The calendar's about to turn the page, and April 15 will be here before you know it. As we enter crunch time for getting your tax return prepared, you're running out of time to take advantage of the easiest way to reduce your tax bill: opening an IRA.
Why you must act now
In a pinch, you can always get an extension on filing your taxes. But you can't extend the April 15 deadline to contribute to an IRA covering the 2012 tax year.
Opening an IRA has both short-term and long-term benefits. With a traditional IRA, many taxpayers can reap immediate tax savings by deducting the amount they contribute from their gross income, up to $5,000 for those younger than age 50 and $6,000 for those 50 or older. That in turn reduces the amount of tax owed. For instance, if you contribute $5,000 to an IRA and you're in the 25% tax bracket, then you'll save $1,250 off the tax bill you'll owe in April.
In addition to the federal tax benefits of opening an IRA, many states that impose income taxes also give you tax benefits for your IRA contribution. That can add even more tax savings.
The real payoff of IRAs
As valuable as that upfront tax deduction is, it pales in comparison with the long-term value of having money in an IRA. One key benefit of IRAs is that as long as you keep your assets within the account, any taxable income -- whether it be interest, dividends, or capital gains from sales of investments -- is tax-deferred.
That has two main consequences, both of which are favorable. You don't have to pay tax on the income that your IRA investments generate, so you can focus more on choosing the investments with the best prospects for strong returns without worrying about their potential tax impact. But almost as valuable as the tax savings is the fact that you don't have to track all that income within your IRA. Burdensome requirements like reporting gains and losses every time you sell an investment, as well as reporting every interest, dividend, and other income payment on an annual basis are unnecessary within an IRA except in some very rare cases.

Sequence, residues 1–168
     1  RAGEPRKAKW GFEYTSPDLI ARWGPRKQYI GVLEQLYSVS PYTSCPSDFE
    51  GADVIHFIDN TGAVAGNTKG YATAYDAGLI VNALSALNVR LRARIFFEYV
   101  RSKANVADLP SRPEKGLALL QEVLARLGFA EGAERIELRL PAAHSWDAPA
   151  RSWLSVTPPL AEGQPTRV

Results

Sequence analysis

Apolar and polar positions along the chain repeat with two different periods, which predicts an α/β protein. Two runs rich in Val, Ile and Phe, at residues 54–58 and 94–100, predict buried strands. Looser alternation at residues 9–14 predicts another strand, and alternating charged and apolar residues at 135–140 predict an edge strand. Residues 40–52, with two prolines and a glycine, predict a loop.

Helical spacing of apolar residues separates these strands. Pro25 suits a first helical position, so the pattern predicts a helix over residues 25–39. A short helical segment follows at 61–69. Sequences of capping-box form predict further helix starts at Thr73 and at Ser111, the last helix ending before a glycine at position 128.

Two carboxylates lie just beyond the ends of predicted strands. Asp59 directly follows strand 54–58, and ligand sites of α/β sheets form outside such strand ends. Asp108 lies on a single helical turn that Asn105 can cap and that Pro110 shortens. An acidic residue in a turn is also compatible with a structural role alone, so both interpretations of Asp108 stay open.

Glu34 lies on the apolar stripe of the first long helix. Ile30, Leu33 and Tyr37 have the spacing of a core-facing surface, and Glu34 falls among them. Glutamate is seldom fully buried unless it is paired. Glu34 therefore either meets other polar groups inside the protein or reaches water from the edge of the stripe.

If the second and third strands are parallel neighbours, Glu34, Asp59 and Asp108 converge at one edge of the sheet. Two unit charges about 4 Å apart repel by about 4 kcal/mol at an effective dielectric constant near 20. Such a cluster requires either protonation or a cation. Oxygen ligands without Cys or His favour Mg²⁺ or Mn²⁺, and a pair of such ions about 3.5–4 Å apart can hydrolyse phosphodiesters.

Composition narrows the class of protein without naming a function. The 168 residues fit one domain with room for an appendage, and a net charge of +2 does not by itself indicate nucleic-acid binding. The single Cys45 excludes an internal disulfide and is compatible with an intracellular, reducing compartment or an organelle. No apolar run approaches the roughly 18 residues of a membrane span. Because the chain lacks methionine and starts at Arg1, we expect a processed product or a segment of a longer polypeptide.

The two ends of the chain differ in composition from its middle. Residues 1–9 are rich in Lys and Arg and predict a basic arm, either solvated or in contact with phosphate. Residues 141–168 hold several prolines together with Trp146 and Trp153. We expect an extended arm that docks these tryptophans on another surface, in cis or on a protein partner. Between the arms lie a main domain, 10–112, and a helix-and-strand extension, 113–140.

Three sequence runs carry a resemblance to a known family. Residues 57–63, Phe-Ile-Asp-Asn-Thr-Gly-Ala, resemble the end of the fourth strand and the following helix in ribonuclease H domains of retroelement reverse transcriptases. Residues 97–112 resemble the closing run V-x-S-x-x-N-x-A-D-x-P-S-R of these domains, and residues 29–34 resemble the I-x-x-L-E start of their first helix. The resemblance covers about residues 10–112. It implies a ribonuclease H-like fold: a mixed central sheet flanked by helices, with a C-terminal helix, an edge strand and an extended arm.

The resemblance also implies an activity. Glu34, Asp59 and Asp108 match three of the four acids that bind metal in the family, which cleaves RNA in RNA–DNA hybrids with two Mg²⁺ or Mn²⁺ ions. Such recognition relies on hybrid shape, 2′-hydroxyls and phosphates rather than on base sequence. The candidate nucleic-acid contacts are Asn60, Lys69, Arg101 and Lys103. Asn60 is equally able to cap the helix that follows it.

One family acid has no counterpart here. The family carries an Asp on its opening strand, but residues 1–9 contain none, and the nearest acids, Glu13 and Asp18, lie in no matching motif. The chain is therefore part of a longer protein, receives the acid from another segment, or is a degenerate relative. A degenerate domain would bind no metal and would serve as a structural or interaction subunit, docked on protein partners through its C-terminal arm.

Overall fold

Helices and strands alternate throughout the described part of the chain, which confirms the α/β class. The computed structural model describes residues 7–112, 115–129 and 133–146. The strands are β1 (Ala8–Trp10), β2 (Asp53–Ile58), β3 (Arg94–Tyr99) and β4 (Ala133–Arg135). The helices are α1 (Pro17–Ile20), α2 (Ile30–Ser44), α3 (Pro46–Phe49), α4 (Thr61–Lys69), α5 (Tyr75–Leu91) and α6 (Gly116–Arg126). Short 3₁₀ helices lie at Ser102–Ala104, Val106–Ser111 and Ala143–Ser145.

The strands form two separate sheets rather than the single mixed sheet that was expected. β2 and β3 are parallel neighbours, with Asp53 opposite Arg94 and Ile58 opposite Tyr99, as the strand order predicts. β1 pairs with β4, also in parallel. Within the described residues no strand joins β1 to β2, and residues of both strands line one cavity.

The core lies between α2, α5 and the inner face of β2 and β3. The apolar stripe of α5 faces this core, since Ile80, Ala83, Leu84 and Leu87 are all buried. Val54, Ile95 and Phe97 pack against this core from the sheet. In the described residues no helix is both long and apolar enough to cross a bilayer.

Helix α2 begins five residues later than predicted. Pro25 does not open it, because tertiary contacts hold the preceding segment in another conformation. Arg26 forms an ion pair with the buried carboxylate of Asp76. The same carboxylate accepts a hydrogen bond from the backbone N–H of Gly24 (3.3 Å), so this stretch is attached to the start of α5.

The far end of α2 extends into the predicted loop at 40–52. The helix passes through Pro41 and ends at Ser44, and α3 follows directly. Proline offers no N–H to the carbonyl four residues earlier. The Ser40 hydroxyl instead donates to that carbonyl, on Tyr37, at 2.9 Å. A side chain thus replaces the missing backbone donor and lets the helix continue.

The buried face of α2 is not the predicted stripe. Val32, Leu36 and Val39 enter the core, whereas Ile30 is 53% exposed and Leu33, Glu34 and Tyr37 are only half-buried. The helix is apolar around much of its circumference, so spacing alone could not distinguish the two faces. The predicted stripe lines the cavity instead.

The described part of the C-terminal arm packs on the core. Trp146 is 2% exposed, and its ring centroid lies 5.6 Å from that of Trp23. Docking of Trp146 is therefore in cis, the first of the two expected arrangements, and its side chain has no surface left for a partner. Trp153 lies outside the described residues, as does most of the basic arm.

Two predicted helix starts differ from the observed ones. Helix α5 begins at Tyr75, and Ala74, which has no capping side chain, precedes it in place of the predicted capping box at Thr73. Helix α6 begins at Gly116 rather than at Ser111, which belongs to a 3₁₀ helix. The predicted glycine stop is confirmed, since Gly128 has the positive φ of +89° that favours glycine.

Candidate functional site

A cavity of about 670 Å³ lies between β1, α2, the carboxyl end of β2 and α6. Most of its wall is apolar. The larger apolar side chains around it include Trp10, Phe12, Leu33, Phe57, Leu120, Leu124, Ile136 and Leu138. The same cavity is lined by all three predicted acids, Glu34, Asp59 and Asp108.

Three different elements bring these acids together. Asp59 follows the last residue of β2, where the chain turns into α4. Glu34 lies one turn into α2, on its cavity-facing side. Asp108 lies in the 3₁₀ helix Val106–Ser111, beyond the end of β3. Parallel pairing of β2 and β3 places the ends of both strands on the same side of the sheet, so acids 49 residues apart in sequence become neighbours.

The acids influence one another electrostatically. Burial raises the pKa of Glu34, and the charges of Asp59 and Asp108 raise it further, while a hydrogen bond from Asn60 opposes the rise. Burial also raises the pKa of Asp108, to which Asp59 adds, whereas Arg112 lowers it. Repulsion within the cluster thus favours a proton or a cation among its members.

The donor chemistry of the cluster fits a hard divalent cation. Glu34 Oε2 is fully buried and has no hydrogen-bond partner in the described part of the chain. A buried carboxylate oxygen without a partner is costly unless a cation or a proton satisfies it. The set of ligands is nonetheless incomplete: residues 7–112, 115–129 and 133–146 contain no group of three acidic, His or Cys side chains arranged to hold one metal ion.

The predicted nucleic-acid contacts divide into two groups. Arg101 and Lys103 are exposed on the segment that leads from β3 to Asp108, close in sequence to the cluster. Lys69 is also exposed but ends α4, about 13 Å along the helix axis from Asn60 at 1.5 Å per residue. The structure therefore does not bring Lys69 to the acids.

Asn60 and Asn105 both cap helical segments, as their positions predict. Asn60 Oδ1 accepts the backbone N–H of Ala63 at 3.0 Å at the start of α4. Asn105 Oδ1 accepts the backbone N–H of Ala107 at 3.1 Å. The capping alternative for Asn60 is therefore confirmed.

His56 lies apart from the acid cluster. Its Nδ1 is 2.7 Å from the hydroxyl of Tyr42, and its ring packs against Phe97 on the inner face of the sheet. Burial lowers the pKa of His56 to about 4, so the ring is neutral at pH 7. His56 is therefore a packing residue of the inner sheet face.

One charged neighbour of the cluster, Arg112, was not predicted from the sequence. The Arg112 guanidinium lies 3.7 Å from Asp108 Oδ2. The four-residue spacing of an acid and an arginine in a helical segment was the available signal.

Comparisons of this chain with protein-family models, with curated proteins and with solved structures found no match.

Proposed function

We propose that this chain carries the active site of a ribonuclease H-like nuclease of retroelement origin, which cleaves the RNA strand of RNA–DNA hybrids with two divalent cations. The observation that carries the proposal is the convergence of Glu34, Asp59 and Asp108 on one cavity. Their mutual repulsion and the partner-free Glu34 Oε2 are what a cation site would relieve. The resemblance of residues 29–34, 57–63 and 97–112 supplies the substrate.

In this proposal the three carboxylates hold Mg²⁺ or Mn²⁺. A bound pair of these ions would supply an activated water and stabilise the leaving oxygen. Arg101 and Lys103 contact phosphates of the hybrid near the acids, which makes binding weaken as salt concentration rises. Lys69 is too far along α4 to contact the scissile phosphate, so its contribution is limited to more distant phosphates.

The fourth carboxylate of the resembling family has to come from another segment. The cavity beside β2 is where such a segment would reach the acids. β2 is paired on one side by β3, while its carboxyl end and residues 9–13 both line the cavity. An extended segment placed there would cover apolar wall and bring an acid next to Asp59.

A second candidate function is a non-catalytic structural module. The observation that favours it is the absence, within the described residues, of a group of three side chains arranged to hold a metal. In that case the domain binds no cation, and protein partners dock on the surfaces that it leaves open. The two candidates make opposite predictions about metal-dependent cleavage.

Quantifying the benefits of tax deferral is harder than calculating the immediate tax savings on an IRA contribution. But by making some estimates, you can get a sense of just how much additional tax you'll avoid on an annual basis by having your investments within an IRA.
For instance, dividend-producing investments have gotten popular because of their relatively high income in a low-return environment. For the following widely held dividend investments, here's a look at the potential savings from holding shares in an IRA:
- Mortgage REITs Annaly Capital (NYSE:NLY) and American Capital Agency (NASDAQ:AGNC) have turned low rates into lucrative dividend payouts by using leverage to magnify the returns on the mortgage-backed securities they own. American Capital Agency yields more than 15%, producing more than $750 in income on a $5,000 investment. Because that dividend gets taxed at ordinary-income rates, holding shares in an IRA let you defer paying as much as $300 every year. For Annaly, $550 in income produces savings of as much as $220 annually.
- Business development companies Apollo Investment (NASDAQ:AINV) and Prospect Capital (NASDAQ:PSEC) obtain tax benefits by investing in privately held companies, providing debt and equity financing to help smaller companies get the financing they need to grow. Like REITs, BDCs are required to distribute the bulk of their income to shareholders every year, producing yields in Apollo's case of more than 9% and in Prospect's case of about 12%. Those yields correspond to income of $450 and $600, respectively, on a $5,000 investment, and IRA treatment could produce savings of as much as $180 to $240 annually.
These high-yielding investments are particularly good examples of how you can benefit from an IRA. But even lower-yielding alternatives earn savings from tax deferral.
Don't miss out!
With just two weeks to go to save hundreds on your tax bill, don't wait any longer to open an IRA for the 2012 tax year. It could prove to be the best move you'll make all year with your finances.
Fool contributor Dan Caplinger has no position in any stocks mentioned. You can follow him on Twitter: @DanCaplinger. The Motley Fool has no position in any of the stocks mentioned. Try any of our Foolish newsletter services free for 30 days. We Fools don't all hold the same opinions, but we all believe that considering a diverse range of insights makes us better investors. The Motley Fool has a disclosure policy.